Republicans Attack Joe Biden Stimulus Plan, Laying Ground for Congressional Battle

Republicans lined up to attack President-elect Joe Biden's stimulus plan on Thursday after he revealed that it would provide a third round of direct payments, and an increase to the federal minimum wage.

GOP lawmakers from various factions of the party made several complaints about the plan, ranging from concerns about the impact a higher minimum wage could have on small businesses, to the size of the proposed bailout fund.

The criticisms set the stage for a potential battle to pass the measures through Congress, and particularly the Senate, which the Democrats now control with a narrow tiebreaker vote majority thanks to victories in the Georgia Senate runoff elections.

Under the proposals unveiled by Biden in a Delaware speech last night, Americans could receive an additional $1,400 stimulus check to top-up the $600 checks passed out by the Congress in December, and benefit from the federal minimum wage being upped to $15 an hour.

President-elect Joe Biden stimulus speech
President-elect Joe Biden lays out his plan for combating the coronavirus and jump-starting the nation’s economy on January 14, 2021 in Wilmington, Delaware. Alex Wong/Getty Images

Another raft of bailout funds for state and local governments, as well as $400 billion in funding for the national COVID-19 vaccine program and other critical pandemic efforts, have also been included in the plan.

Reacting to the president-elect's proposals, Rep. Greg Murphy (R-NC) tweeted: "If you actually wanted to create more jobs during this pandemic, then why would you impose a costly $15 minimum wage on small businesses? This is just another example of progressives trying to pass their liberal agenda under the guise of COVID relief."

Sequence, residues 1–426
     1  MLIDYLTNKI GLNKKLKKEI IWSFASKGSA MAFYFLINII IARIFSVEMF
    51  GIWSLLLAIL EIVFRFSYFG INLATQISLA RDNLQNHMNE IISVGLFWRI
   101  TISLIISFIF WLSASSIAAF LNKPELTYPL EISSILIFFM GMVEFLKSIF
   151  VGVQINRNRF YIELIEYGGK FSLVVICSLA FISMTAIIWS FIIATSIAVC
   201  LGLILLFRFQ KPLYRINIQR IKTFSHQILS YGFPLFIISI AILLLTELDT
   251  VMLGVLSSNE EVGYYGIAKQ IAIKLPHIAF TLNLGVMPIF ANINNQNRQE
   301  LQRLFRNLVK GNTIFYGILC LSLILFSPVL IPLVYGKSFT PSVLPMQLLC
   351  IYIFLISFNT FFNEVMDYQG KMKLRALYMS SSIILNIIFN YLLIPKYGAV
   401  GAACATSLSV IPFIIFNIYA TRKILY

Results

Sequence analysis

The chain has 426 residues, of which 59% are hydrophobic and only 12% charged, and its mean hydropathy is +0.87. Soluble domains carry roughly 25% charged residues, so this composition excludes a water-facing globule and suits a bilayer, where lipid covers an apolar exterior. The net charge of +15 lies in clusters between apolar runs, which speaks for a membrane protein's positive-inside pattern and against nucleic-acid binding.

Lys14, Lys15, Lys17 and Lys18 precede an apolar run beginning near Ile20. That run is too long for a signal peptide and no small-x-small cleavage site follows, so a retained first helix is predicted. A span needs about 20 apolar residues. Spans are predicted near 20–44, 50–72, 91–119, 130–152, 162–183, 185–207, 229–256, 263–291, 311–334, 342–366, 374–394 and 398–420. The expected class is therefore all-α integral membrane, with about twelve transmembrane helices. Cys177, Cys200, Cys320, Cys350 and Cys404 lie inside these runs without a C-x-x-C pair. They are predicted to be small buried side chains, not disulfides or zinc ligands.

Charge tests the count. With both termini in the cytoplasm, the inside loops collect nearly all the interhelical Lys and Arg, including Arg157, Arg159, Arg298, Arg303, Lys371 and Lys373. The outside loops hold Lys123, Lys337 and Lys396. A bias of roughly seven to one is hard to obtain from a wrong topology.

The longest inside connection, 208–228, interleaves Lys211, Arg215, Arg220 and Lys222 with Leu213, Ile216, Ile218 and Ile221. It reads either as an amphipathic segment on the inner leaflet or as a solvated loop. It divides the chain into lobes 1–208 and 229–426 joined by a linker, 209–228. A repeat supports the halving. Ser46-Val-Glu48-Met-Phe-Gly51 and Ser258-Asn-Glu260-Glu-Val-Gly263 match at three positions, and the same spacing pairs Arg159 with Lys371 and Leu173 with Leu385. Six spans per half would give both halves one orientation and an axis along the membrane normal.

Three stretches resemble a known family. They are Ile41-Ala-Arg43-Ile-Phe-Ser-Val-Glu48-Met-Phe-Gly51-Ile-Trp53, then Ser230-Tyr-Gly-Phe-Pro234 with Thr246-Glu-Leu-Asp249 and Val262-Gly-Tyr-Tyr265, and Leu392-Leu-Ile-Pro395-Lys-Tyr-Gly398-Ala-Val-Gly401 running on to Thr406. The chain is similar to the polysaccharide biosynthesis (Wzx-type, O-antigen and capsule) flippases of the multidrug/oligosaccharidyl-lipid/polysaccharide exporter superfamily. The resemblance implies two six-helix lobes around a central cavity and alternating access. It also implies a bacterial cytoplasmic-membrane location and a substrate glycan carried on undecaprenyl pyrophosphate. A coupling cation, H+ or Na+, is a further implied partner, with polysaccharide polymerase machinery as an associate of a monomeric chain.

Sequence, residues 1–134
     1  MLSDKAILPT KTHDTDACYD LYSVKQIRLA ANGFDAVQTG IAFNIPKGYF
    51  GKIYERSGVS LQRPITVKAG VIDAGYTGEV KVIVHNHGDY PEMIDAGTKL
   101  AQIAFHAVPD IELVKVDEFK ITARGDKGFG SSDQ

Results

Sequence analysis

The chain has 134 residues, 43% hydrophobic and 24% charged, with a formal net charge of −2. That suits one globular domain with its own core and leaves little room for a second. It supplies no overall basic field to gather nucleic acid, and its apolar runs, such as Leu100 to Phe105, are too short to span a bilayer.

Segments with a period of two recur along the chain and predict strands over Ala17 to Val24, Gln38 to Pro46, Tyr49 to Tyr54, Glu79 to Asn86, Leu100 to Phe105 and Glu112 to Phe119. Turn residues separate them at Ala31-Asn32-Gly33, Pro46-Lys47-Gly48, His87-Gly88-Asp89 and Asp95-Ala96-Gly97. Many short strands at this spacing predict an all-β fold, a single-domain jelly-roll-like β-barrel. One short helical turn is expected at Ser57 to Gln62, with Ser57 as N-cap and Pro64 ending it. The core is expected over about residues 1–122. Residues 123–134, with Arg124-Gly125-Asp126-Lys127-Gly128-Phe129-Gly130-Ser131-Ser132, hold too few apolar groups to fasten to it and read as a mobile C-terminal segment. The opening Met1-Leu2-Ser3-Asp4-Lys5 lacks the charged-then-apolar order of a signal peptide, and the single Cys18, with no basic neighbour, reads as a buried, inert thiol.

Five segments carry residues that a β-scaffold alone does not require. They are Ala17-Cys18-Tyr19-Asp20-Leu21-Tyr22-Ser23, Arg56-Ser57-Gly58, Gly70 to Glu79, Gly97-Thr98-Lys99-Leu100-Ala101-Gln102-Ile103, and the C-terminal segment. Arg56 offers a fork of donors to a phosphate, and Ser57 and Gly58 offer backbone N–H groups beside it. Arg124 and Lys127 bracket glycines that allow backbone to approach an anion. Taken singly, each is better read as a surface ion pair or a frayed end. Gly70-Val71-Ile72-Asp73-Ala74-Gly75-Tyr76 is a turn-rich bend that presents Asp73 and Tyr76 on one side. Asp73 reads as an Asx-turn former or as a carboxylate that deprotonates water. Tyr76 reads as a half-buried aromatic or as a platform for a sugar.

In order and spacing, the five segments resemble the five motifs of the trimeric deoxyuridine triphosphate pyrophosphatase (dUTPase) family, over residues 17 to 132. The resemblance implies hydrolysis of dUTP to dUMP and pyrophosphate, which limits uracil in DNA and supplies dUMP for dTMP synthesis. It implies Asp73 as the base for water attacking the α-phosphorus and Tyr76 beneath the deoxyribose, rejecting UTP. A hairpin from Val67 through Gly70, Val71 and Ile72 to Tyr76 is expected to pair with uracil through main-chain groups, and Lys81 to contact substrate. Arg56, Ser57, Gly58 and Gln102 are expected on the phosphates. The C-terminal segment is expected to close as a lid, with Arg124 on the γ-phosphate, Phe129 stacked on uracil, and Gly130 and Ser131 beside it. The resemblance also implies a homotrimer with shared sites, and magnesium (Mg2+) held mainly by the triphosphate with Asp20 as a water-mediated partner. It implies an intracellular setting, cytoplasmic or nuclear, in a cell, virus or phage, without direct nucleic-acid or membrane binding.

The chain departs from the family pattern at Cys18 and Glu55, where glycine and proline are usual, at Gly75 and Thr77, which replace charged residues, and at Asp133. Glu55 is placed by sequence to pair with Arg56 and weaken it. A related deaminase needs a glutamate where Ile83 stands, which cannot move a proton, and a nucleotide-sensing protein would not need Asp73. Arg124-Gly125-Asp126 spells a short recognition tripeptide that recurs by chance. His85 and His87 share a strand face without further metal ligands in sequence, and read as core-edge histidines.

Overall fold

Rep. Kevin Brady (R-TX) also told The Washington Post in a statement that the jobless and "Main Street" Americans would be "shaking their heads" at the president-elect's proposals.

Congresswoman Lisa McClain of Michigan (R) said states could prevent the need for further stimulus by lifting "draconian" lockdown measures. "We need more jobs, not more government bailouts," she said.

"Biden claims there is a 'moral obligation' to pass his $1.9 trillion spending plan," Rep. Guy Reschenthaler (R-PA) tweeted with an eye-roll emoji. "If you object to the package you are clearly immoral."

Senators Marco Rubio (R-FL) and John Cornyn (R-TX) also seemed to raise complaints about the package, with Cornyn noting that the upper chamber had passed a $900 billion relief package a little more than two weeks ago.

"President-elect Biden served in the Senate for over 35 years. So he knows the plan he outlined tonight can't pass 'quickly' & will delay the 2k for hard hit Americans," Sen. Rubio tweeted. "Let's get the extra money to people first."

Newsweek has contacted the Biden transition team for comment. This article will be updated with any response.

Speaking about his stimulus plans last night, Biden argued that there was "real pain" overwhelming the "real economy," as Wall Street and investors fared reasonably well despite the ongoing pandemic.

He also defended the proposals as necessary spending to both provide much-needed relief and support to the American people in the short term, while shoring up the nation's finances in the long term.

"The return on these investments in jobs, racial equity, will prevent long-term economic damage," the president-elect said. "And the benefits will far surpass the cost."